30. A method of communicating with RF tags in accordance with claim 27 and further comprising defining the timeslots by interrupting illumination.
31. A method of communicating with RF tags in accordance with claim 27 and further comprising receiving and decoding On-Off Keyed responses from RF tags.
32. A method of communicating with an RF reader that is configured to issue timing signals defining timeslots, the method comprising:
storing an ID;
backscatter modulating an RF illumination field from the reader;
randomly selecting a timeslot in which to reply from a plurality of possible timeslots;
issuing an RF reply in the selected timeslot, responsive to receiving a first RF command, including a session identifier, from the reader, the reply including a signal pattern, the signal pattern identifying the tag but not including the entire ID;
issuing a response to the reader including the ID in response to receiving a subsequent second RF command from the reader that contains information corresponding to the selected timeslot; and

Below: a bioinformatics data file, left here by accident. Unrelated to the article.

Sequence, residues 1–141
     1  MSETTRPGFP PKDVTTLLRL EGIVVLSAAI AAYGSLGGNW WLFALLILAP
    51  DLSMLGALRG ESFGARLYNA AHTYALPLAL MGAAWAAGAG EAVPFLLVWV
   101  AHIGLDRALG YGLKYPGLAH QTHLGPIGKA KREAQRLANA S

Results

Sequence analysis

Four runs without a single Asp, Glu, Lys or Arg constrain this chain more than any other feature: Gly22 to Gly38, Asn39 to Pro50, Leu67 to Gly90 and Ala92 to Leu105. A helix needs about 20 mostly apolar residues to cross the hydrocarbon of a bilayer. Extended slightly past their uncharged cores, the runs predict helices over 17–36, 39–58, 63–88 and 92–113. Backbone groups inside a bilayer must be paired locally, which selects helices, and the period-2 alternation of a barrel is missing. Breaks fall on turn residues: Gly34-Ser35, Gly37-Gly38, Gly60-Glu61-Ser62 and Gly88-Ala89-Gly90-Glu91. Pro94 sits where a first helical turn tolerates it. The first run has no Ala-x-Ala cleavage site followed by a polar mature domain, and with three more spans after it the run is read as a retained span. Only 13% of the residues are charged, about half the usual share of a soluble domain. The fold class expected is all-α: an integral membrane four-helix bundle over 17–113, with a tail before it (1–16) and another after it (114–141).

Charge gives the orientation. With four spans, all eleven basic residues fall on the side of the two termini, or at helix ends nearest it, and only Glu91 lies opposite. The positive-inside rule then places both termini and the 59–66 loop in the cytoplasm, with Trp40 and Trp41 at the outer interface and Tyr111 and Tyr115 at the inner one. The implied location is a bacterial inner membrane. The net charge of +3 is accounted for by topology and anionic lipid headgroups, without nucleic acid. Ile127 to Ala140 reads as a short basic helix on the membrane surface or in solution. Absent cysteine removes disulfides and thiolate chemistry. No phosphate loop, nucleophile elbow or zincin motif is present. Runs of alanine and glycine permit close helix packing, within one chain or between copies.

ignoring further receptions of the first RF command which include the session identifier responsive to receiving a third RF command from the reader confirming that the ID has been received by the reader.
33. A method of communicating with an RF reader in accordance with claim 32 and further comprising randomly selecting a frequency in which to reply from a plurality of possible frequencies.
34. A method of communicating with an RF reader in accordance with claim 32 wherein the signal pattern comprises a frequency pattern.
35. A method of communicating with an RF reader in accordance with claim 32 wherein the signal pattern comprises a predetermined frequency.
36. A method of communicating with an RF reader in accordance with claim 32 wherein the signal pattern comprises a TONE.